Federal legislation has usually channeled funding to the largest cities or through states, but industrial legacy cities throughout the U.S. will require an approach that reaches small and resource-challenged cities. A recent ISE paper argues that given the massive size and diversity of the country and economy, states should indeed be in the driver’s seat, partnering with industry in implementing climate goals enacted by the federal government. But even large U.S. cities suffer from insufficient funding that delays critical infrastructure investments. And states do not always make decisions that benefit industrial legacy cities. For example, representatives of New Bedford and Fall River pointed out that in Massachusetts’ 2019 bidding round for offshore wind projects, the state Department of Public Utilities chose a cheaper project over one that would have included more economic development benefits, including a factory with up to 200 jobs. Critiques of the federal infrastructure bill point to gaps that will directly affect Massachusetts Gateway Cities, such as a lack of strong investment in workforce training and not enough funding for sustainable mass transit. Commenting on the bill, the U.S. Conference of Mayors argued that ‘committing to more localism can be accomplished by investing directly in our cities.’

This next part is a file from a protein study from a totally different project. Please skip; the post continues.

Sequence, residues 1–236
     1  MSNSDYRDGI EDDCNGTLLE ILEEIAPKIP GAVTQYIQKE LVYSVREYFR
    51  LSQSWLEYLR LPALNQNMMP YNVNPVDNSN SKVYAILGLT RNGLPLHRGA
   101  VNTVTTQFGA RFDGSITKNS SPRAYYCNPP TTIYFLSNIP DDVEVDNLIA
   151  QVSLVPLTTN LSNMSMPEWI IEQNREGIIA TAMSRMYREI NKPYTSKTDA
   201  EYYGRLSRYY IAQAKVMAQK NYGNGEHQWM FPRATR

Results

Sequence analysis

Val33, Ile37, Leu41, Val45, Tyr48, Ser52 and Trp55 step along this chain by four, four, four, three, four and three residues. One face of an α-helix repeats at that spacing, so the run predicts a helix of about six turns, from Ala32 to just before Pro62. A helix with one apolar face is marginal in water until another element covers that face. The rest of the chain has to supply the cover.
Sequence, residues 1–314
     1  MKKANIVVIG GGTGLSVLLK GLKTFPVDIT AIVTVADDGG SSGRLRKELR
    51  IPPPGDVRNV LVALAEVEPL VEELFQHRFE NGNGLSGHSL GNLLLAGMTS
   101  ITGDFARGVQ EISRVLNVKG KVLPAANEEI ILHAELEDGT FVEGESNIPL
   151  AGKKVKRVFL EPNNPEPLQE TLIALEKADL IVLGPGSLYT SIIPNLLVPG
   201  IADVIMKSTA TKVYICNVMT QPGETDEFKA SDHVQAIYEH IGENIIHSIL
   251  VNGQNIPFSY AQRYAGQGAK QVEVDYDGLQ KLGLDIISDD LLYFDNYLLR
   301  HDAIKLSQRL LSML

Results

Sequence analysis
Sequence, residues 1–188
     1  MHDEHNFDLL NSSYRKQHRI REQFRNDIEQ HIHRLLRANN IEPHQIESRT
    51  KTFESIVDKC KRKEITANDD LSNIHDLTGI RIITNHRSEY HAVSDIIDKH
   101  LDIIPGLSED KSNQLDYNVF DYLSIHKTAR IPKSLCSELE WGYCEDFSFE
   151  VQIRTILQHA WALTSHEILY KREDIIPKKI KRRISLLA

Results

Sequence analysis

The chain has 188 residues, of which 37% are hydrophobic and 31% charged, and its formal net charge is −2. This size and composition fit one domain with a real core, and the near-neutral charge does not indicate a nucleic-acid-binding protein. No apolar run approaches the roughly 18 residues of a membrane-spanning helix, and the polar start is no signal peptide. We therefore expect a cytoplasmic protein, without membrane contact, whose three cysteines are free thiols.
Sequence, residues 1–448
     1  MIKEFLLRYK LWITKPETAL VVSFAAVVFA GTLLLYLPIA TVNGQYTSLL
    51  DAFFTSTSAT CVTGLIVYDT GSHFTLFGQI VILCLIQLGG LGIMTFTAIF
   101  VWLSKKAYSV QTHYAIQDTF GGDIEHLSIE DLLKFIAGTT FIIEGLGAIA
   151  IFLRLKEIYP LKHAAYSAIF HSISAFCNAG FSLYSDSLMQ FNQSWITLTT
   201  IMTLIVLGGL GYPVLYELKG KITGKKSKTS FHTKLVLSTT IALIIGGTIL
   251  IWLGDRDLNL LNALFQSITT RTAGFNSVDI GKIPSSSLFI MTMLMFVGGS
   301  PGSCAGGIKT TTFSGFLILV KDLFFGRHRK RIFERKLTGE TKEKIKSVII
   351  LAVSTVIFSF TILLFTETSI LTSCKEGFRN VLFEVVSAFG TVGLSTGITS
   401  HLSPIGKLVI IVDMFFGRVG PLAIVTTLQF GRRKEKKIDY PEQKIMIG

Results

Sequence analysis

Achieving inclusive economic growth in older industrial cities will require investing not only in technological capabilities, but also expanding economic opportunities for disadvantaged communities and preparing a diverse workforce. Massachusetts’ growing clean energy industry has contributed close to 40 billion to the state economy and increased employment by 89 percent (54,000 workers) over the decade leading up to 2019. But close to half of this growth has been concentrated in the northeastern region surrounding Boston, with less investment in other parts of the state. Latinx and Asian workers and veterans in Massachusetts have entered clean energy jobs more than other sectors, but Black and female workers remain underrepresented. Without targeted investment, the people that inhabit Gateway Cities will not gain sufficient access to resources for renewable energy and climate resiliency and will continue to be left behind in the clean energy transition.